Positive links between Christianity and science were not restricted to the seventeenth century, of course. In the succeeding generations the idea that we live in a designed world whose structure carries the imprint of the Creator encouraged the development of a branch of learning known as natural theology. Concerned to display how the Creation bore the stamp of God, the writers of such works regularly presented the latest scientific findings and often themselves engaged in scientific research to illustrate their convictions. This tradition persists today and finds expression in the words of Harvard astrophysicist Owen Gingerich, who once wrote about the way our atmosphere changed over to oxygen: "The perfect timing of this complex configuration of circumstances is enough to amaze and bewilder many of my friends who look at all this in purely mechanistic terms—the survival of life on earth seems such a close shave as to border on the miraculous. Can we not see here the designer's hand at work?" Gingerich's argument may not persuade everyone. And I have no doubt that many alternative explanations are available. But his assertion at least illustrates the point that science and Christianity have not always been enemies; frequently they have been friends.

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Why then has the image of a protracted death struggle between science and Christianity become so commonplace? Two factors, I think, are especially important—what has been called the Enlightenment project and the professionalization of science in the nineteenth century.

First, the Enlightenment encouraged a supreme confidence in the power of reason and evidence, over against tradition and authority, to solve the ills of humanity. This confidence in reason served to marginalize religious faith and boost scientific method. Not that this happened overnight, or that it took the same shape everywhere (Scotland, for example, was markedly different from France). But, in the long run the objectivizing tendencies of science triumphed over other forms of knowing, including religious knowing. Undoubtedly this has had benefits. Seeking objectivity has helped to remove superstition, prejudice, and bias from scientific inquiry. I personally prefer auto mechanics who don't attribute carburetor failure to the work of the devil. Yet, the craving for scientific objectivity has often colluded in the suppression of intuition, the elimination of values, and the dehumanizing of people.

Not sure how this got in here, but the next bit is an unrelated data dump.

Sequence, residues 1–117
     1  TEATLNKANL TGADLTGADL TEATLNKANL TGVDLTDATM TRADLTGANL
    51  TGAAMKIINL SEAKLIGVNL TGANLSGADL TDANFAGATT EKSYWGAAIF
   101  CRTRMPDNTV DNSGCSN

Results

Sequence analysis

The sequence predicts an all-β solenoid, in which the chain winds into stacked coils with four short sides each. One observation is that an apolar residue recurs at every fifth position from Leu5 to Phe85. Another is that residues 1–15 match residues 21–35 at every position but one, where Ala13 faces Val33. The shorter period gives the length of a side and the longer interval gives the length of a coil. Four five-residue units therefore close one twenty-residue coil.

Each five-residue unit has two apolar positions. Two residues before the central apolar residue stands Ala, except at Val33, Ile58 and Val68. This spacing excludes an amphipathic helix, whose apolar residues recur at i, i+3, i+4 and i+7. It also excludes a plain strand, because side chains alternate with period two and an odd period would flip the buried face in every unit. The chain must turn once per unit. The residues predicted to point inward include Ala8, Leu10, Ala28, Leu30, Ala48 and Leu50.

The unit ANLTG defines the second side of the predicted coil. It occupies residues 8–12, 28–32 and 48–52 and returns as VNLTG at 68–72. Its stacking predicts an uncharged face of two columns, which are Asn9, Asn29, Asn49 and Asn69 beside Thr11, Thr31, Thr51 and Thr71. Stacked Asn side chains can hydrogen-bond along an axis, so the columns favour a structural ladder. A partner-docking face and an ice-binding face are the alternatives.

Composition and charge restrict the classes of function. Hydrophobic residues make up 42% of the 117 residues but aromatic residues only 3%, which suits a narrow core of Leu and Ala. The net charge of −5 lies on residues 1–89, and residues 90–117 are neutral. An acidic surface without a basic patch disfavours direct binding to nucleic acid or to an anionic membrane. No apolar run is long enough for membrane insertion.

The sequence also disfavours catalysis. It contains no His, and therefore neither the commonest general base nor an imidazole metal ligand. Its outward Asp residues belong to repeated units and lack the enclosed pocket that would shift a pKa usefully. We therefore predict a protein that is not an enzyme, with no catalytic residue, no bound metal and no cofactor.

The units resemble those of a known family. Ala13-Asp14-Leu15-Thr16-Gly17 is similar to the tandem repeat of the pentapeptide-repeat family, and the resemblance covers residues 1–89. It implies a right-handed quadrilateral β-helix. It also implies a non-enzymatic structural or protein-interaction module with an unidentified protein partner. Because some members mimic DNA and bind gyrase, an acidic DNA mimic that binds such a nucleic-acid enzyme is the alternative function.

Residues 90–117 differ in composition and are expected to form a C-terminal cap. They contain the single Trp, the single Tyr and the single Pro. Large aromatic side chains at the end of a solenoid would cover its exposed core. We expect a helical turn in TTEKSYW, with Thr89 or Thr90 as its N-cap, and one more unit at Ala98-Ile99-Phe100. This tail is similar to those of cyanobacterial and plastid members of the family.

Second, the professionalization of science in the nineteenth century further contributed to the expansion of science's imperial rule. During that period, the new scientists (the word only came into being last century) engaged in a battle with the clergy for cultural authority in Victorian society. What often looked like an intellectual conflict between science and Christianity was actually a social struggle between scientists and clergy for cultural domination.

The new professional scientists, to secure the kind of role they wanted to enjoy in society, used scientific knowledge as the vehicle for sidelining what they caricatured as an old-fashioned clerical clique. This was the conquest of one elite over another.

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Thinking about science and religion in these terms helps us to see that both are, to some extent at least, social practices. As such they are situated within the cultural conditions of their time. Just as it makes sense to speak of Greek Orthodoxy, or the Dutch Reformed, or Scottish Presbyterianism, or American evangelicalism, so too it is right to think of medieval Arabic science, or seventeenth-century English science, or American science in the age of Jefferson. Both science and religion bear the stamp of cultural particularities. So it would be less than wise to allow Enlightenment decisions about what science should be, or the social struggles of our Victorian ancestors, to determine how we approach questions of science and faith today.

We should also realize that we too are culturally situated. How we think of the relationship between science and Christianity bears the mark of our own time. Triumphalism of either a scientistic or fundamentalist stripe is unwise. Far better to encourage conversations between scientists and theologians, on the suspicion that science is as likely to tell all there is to know about the Creation as theology is to fathom the unsearchable depths of the Creator.

David N. Livingstone teaches in the School of Geosciences at The Queen's University of Belfast, Northern Ireland.